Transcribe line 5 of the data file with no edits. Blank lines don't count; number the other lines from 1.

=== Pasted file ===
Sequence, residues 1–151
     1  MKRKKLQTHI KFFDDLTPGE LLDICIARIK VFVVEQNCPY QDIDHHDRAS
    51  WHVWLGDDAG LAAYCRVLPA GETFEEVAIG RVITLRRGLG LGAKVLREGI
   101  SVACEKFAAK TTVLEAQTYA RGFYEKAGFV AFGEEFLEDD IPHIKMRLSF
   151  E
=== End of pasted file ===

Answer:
   151  E